Researchers have found an unexpected way to control the thermal conductivity of two-dimensional (2-D) materials, which will allow electronics designers to dissipate heat in electronic devices that use these materials.
2-D materials have a layered structure, with each layer having strong bonds horizontally, or “in plane,” and weak bonds between the layers, or “out of plane.” These materials have unique electronic and chemical properties, and hold promise for use in creating flexible, thin, lightweight electronic devices.
For many of these potential applications, it’s important to be able to dissipate heat efficiently. And this can be tricky. In 2-D materials, heat is conducted differently in plane than it is out of plane.
For example, in one class of 2-D materials, called TMDs, heat is conducted at 100 watts per meter per Kelvin (W/mK) in plane, but at only 2 W/mK out of plane. That gives it a “thermal anisotropy ratio” of about 50.
To better understand the thermal conduction properties of 2-D materials, a team of researchers from North Carolina State University, the University of Illinois at Urbana-Champaign (UI) and the Toyota Research Institute of North America (TRINA) began experimenting with molybdenum disulfide (MoS2), which is a TMD.
The researchers found that, by introducing disorder to the MoS2, they could significantly alter the thermal anisotropy ratio.
The researchers created this disorder by introducing lithium ions between the layers of MoS2. The presence of the lithium ions does two things simultaneously: it puts the layers of the 2-D material out of alignment with each other, and it forces the MoS2 to rearrange the structure of its component atoms.
When the ratio of lithium ions to MoS2 reached 0.34, the in-plane thermal conductivity was 45 W/mK, and the out-of-plane thermal conductivity dropped to 0.4 W/mK– increasing the material’s thermal anisotropy ratio from 50 to more than 100. In other words, heat became more than twice as likely to travel in plane – along the layer, rather than between the layers.
And that was as good as it got. Adding fewer lithium ions made the thermal anisotropy ratio lower. Adding more ions also made it lower. But in both cases, the ratio was affected in a predictable way, meaning that the researchers could tune the material’s thermal conductivity and thermal anisotropy ratio.
“This finding was very counter-intuitive,” says Jun Liu, an assistant professor of mechanical and aerospace engineering at NC State and co-corresponding author of a paper describing the work. “The conventional wisdom has been that introducing disorder to any material would decrease the thermal anisotropy ratio.
“But based on our observations, we feel that this approach to controlling thermal conductivity would apply not only to other TMDs, but to 2-D materials more broadly,” Liu says.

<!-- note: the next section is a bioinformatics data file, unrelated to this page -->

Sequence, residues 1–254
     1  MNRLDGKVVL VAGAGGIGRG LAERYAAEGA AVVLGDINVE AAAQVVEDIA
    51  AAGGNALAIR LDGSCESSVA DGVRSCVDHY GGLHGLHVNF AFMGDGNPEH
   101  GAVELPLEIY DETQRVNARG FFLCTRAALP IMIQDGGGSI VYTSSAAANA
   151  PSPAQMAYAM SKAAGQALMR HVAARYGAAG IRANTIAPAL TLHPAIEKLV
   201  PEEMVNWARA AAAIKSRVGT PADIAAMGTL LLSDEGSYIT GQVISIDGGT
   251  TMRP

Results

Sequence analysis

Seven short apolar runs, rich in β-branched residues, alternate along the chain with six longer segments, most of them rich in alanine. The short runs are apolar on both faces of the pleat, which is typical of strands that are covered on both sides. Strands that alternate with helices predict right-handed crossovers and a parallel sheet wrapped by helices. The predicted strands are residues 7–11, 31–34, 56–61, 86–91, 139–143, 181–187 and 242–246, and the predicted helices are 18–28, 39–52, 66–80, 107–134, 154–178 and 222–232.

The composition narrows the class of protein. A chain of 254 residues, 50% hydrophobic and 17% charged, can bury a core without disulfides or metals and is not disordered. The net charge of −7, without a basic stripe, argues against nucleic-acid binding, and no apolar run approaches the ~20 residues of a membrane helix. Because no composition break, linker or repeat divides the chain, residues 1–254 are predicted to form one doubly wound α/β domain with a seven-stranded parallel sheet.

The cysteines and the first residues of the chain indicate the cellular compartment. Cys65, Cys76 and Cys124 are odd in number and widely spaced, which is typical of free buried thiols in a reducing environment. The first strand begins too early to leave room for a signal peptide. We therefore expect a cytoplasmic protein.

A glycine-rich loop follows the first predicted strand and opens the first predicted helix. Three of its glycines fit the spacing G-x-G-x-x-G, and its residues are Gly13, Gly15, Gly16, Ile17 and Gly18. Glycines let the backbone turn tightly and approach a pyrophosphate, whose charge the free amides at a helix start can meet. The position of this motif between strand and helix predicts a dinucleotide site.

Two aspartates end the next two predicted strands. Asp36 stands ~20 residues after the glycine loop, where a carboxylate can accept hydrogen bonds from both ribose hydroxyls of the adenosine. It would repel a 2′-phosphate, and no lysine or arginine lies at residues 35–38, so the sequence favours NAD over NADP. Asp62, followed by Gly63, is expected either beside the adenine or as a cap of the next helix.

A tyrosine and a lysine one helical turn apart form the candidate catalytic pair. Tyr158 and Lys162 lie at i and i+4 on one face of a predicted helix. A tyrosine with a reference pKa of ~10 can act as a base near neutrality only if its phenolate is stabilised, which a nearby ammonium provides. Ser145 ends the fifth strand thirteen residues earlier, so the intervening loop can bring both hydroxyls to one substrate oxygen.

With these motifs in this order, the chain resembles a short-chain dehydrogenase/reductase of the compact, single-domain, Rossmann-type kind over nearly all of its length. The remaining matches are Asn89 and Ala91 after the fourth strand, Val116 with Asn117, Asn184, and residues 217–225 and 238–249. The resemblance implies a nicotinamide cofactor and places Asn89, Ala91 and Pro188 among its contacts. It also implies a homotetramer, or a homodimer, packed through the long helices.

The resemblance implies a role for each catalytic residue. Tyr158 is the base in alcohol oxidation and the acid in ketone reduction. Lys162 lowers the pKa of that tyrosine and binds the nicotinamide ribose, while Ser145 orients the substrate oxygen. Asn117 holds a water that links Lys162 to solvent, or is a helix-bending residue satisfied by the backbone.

“We set out to advance our fundamental understanding of 2-D materials, and we have,” Liu adds. “But we also learned something that is likely to be of practical use for the development of technologies that make use of 2-D materials.”
The paper, “Tuning Thermal Conductivity in Molybdenum Disulfide by Electrochemical Intercalation,” is published in the journal Nature Communications. Co-corresponding authors of the paper are Gaohua Zhu of TRINA and David Cahill of UI. Co-authors are Ruigang Zhang and Debasish Banerjee of TRINA, and Qiye Zheng and Dongyao Li of UI. The work was supported by TRINA.
Note to Editors: The study abstract follows.
“Tuning Thermal Conductivity in Molybdenum Disulfide by Electrochemical Intercalation”
Authors: Gaohua Zhu, Ruigang Zhang, and Debasish Banerjee, Toyota Research Institute of North America; Jun Liu, North Carolina State University; Qiye Zheng, Dongyao Li, and David G. Cahill, University of Illinois at Urbana-Champaign
Published: Oct. 21, Nature Communications
Abstract: The thermal conductivity of lithium ion intercalated molybdenum disulfide (LixMoS2) is measured as a function of the degree of lithiation (x), using time-domain thermoreflectance. We show that the thermal conductivity can be modified by electrochemical intercalation. We investigated two types of LixMoS2 samples with different orientations of the basal planes: i) thin films with vertically-aligned basal planes created by sulfurization of molybdenum (Mo); and ii) natural bulk crystals with basal planes parallel to the surface. The thermal conductivity of thin film MoS2 can be tuned from ≈3.4 to ≈1.7 W m-1 K-1 with lithium ion intercalation. The thermal conductivity of bulk MoS2 can be modulated from ≈2.0 to ≈0.4 W m-1 K-1 and ≈105 to ≈45 W m-1 K-1, along the through-plane and in-plane directions, respectively. We characterized the Raman-active vibrational modes, lattice expansion, and elastic constants. The change of thermal conductivity correlates with the structural and compositional disorder, e.g., the stacking order of the layered structure and the lithiation-dependent semiconductor (2H) to metal (1T) phase transition. We found that the ratio of the in-plane to through-plane thermal conductivity is enhanced by the disorder in bulk crystals. These results suggest that stacking disorder and mixture of phases is an effective mechanism to modify the anisotropic thermal conductivity of 2D materials.